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Dream Theater - Images And Words CD (album) cover

IMAGES AND WORDS

Dream Theater

 

Progressive Metal

4.29 | 2067 ratings

From Progarchives.com, the ultimate progressive rock music website

Raff
Prog Reviewer
4 stars Horrorshock! A myth crumbles... Renowned DT basher Ghost Rider reviews "Images and Words" and gives it four stars too! What is the world coming to?

Well, I may have many flaws, but I pride myself on being a fair person, who might not be the greatest fan of the New York quintet, but is nevertheless perfectly capable of recognising quality when she sees it. In my very humble opinion, "Images and Words" remains to this day DT's finest offering, one they've never yet managed to top. Yes, they've become more ambitious, in some ways more commercial, and they've reached planetary status among younger and even older fans. However, this album, now 14 years old, has a freshness and a novelty value that their later, more complex efforts do not possess anymore. This is the true act of birth of one of the most enduringly popular styles of Prog-Metal, in which the 'prog' component is noticeably stronger than the 'metal' one. Without I&W there would be no Symphony X, no Shadow Gallery, no Pain of Salvation, no Ayreon or other bands of their ilk. While this may be no great loss to many people (especially my contemporaries), I'm all in favour of variety, and I think there is a place for everything in the music world.

Though everybody knows I'm no supporter of technical prowess for its own sake (Prog's answer to Oscar Wilde's 'art for art's sake'), there's no denying that DT are masters of their instruments. This album also goes to prove that the band's greatest strength was the songwriting of keyboardist Kevin Moore,a more restrained player than the flamboyant Derek Sherinian, and a less technical one than Juilliard alumnus Jordan Rudess, though an undeniably sophisticated, tasteful composer. After him, the band's output became more over-the-top, with song lengths and instrumental complexity sometimes spiralling out of control. Here, instead, DT strike the right balance: even an overtly commercial song like "Another Day" does not disrupt the overall textural intensity of the album.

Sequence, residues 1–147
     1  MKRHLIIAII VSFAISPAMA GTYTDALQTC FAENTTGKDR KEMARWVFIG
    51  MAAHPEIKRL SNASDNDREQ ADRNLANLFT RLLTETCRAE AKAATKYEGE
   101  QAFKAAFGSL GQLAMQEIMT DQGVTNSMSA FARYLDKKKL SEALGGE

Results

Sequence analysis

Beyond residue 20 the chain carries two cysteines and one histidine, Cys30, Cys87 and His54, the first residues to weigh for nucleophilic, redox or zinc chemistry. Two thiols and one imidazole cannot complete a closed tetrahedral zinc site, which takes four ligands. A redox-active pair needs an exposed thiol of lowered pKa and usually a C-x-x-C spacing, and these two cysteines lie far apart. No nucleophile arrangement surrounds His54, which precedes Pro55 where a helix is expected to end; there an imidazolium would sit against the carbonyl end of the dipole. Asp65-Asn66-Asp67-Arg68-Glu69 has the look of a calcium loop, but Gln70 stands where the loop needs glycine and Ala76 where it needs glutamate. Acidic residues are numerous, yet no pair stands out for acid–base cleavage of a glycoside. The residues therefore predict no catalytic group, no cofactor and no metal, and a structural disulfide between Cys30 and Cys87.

So far I've talked about instruments, not mentioning what is for many people the sore point of the band: James LaBrie's vocals. There's no denying that the man in question, like his band, has been the founder of a school of singing that numbers many followers; unfortunately, I only find him effective when impersonating that most unlikely of prog singers, Metallica's James Hetfield (check his performance on "Train of Thought"). When he reaches for the higher notes, I find him at best irritating, at worst positively unbearable. However, his performance on I&W is rather good, especially on the wistful mood piece that is "Wait for Sleep" (with great piano work by Moore); while on some parts of "Take the Time" I just wish he would shut up and let the others play.

With so many glowing reviews written before mine, I feel there's no point in doing a track-by-track analysis. "Pull Me Under", the band's best-known song, is quite catchy in its own way, though I find "Take the Time" vastly superior: the intro in particular is great. "Metropolis" is undeniably the most complex track from an instrumental point of view, with great performances from all the members of the band. On this album Portnoy's drumming sounds very clear and strong, though distinctly reminiscent of Neil Peart's in more than one instance (as a matter of fact, the Rush influences are startling at times). The album's standout track, though (especially from a lyrical point of view), is Myung's powerful, heartfelt "Learning to Live", where the bassist's remarkable skills can be clearly heard for once, instead of being swamped in the maelstrom of sound produced by the band. The song's coda is hauntingly beautiful, easily the most progressive thing on the record.

Even though I suppose I'll never become a DT fan, I&W deserves four stars for its undeniable musical quality - although, as I stated at the beginning, I feel its historical value is probably its greatest asset. Not really essential, but indeed an excellent addition to one's collection.

Raff | 4/5 |

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